How Many Of These Indian Olympians Do You Know?

Let’s accept it, we don’t know our Olympians unless they win a medal. How many of us were familiar with Vijendra Singh or Mary Kom before they actually won? Very few. And, that’s a sad truth to face. Through over the years the country’s engagement with Olympic athletes has increased thanks to the win followed by movies made on these players (Bhaag Milkha Bhaag and Mary Kom), most of these are recognised and appreciated way after their time.

Indian athletes have won 28 medals at the Olympics so far. In fact, the Indian National Field Hockey team dominated the Olympics with 11 medals in 12 Olympics, between 1920 and 1980. Yet, a cricket-addicted country gives little space to its other game-changers. Even the government funding to most of these athletes is dismal. We sent the largest contingent so far to the Rio Olympics but returned with the least number of medals in history. The funds given by the government weren’t utilized properly, mainly because becoming an Oympian is not an overnight goal. It takes years of proper training, nutrition and infrastructure and exposure through participation in International competitions which most of these athletes lack.

Providing adequate training and resources is perhaps the second step, the first is acknowledgement. So on World Olympics Day, Impact Guru would like to acknowledge the hard work of these heroes who are patiently and silently gearing up to win a gold at Tokyo 2020. Let’s get to know them before they win us a medal!



Avtar Singh


Age: 25 years
Sport: Judo
Achievements: Gold medalist at 2016 South Asian Games + Qualifier at the 2016 Olympics in Rio

Judo isn’t a popular sport which naturally puts Avtar way down the list of Athletes you will recognize. Avtar is a 24-year-old from Punjab who worked for the Punjab armed police force. In 2016, he bagged a gold at the South Asian Games in Guwahati. He was the first Judoka in 12 years to qualify for Olympics in 2014. His achievements in the sport has provided a much needed boost to other aspiring judokas in the country, and motivation for them to take up the sport competitively. He currently trains under Arjuna Awardee Judoku, Yashpal Solanki and has his eyes on the gold!


Dutee Chand


Age: 21 years
Sport: Sprint
Achievements: National champion in women’s 100 meters sprint + qualifier at the 2016 Olympics in Rio

Dutee Chand represented India in the 100 meters sprint in the 2016 Rio Olympics. She clocked 11.69 seconds to complete the 100-metre race while her personal best was 11.24 seconds. Previously, she was instrumental in a major change in the regulations of the International Olympics Committee, when she was dropped last minute from the 2014 Commonwealth games, for hyperandrogenism. After the Indian Government made an appeal to the Court of Arbitration for Sports on her behalf, the regulation for hyperandrogenism was dropped in 2015, stating there was no direct connect between enhanced androgen levels and athletic performance. While the 2016 Olympics may not have been her best performance, she wasn’t disheartened by the results, but instead motivated to work harder. She now has her mind set on the Tokyo Olympics in 2020.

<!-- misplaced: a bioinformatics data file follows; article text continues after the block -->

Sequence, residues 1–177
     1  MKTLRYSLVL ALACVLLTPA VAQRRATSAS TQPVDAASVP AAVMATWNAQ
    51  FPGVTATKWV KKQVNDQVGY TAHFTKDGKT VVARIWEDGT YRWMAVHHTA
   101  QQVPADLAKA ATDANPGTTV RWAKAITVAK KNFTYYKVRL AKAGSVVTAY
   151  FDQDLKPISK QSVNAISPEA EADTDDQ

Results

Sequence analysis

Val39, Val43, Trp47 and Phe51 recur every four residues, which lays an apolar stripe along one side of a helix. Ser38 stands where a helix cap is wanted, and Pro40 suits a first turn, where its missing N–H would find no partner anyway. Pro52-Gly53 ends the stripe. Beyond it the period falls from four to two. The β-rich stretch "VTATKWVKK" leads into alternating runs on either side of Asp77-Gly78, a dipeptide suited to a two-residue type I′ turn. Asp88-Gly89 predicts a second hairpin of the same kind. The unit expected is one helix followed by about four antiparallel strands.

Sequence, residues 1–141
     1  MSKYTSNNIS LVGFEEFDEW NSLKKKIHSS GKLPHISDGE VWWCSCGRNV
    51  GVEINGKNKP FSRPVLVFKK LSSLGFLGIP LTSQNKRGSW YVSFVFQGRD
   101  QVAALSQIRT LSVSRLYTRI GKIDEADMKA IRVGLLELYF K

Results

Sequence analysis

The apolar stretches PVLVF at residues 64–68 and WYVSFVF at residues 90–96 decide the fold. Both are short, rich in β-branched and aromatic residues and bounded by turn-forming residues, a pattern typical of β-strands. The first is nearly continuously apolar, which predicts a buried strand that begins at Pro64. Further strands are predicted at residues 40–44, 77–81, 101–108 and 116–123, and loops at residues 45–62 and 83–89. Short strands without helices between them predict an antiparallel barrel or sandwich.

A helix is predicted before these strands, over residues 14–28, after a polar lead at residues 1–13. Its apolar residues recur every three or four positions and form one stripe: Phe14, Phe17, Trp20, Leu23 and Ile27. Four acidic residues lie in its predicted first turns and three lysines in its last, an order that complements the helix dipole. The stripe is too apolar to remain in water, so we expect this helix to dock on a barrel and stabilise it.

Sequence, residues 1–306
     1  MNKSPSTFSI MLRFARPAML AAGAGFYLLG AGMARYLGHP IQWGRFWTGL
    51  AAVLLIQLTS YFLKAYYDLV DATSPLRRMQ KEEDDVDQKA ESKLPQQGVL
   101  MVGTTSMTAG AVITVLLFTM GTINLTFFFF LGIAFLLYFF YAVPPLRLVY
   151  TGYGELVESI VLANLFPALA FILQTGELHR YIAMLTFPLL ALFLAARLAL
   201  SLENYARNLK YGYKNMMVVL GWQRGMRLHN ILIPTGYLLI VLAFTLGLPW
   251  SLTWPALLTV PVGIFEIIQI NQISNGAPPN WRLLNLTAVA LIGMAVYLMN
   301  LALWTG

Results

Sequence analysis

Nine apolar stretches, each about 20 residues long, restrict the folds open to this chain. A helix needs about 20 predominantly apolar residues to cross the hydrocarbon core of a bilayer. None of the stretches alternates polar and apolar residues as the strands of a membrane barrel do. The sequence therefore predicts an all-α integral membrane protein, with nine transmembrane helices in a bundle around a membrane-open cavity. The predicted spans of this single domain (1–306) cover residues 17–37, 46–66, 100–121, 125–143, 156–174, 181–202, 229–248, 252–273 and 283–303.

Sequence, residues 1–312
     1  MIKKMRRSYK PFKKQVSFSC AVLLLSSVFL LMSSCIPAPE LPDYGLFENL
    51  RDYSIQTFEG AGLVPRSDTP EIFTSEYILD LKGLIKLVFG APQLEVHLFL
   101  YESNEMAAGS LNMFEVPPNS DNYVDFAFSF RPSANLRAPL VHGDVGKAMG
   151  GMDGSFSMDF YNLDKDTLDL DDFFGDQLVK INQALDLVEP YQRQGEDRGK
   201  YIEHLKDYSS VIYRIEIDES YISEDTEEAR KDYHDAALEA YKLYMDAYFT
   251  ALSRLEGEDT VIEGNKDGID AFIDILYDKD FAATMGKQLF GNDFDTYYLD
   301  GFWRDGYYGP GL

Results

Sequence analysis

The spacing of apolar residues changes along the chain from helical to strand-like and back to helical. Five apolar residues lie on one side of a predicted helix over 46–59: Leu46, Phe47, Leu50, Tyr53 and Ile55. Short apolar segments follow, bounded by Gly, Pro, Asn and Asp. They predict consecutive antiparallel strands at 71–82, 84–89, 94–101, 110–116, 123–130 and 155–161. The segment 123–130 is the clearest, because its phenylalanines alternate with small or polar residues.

Sakshi Malik

Rio de Janeiro: India's Sakshi Malik poses with her bronze medal for the women's wrestling freestyle 58-kg competition during the medals ceremony at the 2016 Summer Olympics in Rio de Janeiro, Brazil, Wednesday.   PTI Photo by Atul Yadav(PTI8_18_2016_000011B)

Age: 24 years
Sport: Freestyle wrestling
Achievements: Bronze medalist at the 2016 Olympics in Rio + Silver medal list at the 2014 Commonwealth Games + Bronze medalist at the South Asian Games of 2015

At a very young age, her passion for wrestling took her from a small akhada in Rohtak straight to the Olympics. Indian freestyle wrestler Sakshi Malik won our hearts when she brought India its first medal at the 2016 Olympics in Rio. Her bronze victory in the 58 kg category was celebrated nationwide, as it made her the first Indian female wrestler, and the fourth Indian woman to have won at the Olympic games. Today she is supported by the JSW Excellence Program, and her efforts are only getting stronger, and training harder, for the Tokyo Olympics in 2020, where she aspires to become a double Olympic medalist. Sakshi got her masters degree in physical education from the Maharshi Dayanand University in Rohtak. In September 2016, after her achievement at the Olympics, she was appointed as the university’s wrestling director.


OP Karhana


Age: 30 years
Sport: Shot put
Achievements: Qualified at the 2012 London Olympics + 2014 Commonwealth Games

Om Prakash Singh Karhanan is a 6ft 7in tall Indian shot putter who held record at 20.69 meters which he achieved in May 2012 at Szombathely, Hungary and he qualified for and competed at the 2012 London Olympics. At the 2014 Commonwealth Games, he reached the final, finishing in 6th place. Karhana, who was originally a basketball player, was approached by the secretary of the Athletics Federation of India, and advised to try his hand at shot put. Clearly, that paid off well. His training at the Salwan Throws Academy is financially supported by the by Olympic Gold Quest, a nonprofit foundation to identify and support Indian athletes.


Suyash Jadhav


Age: 23 years
Sport: Swimming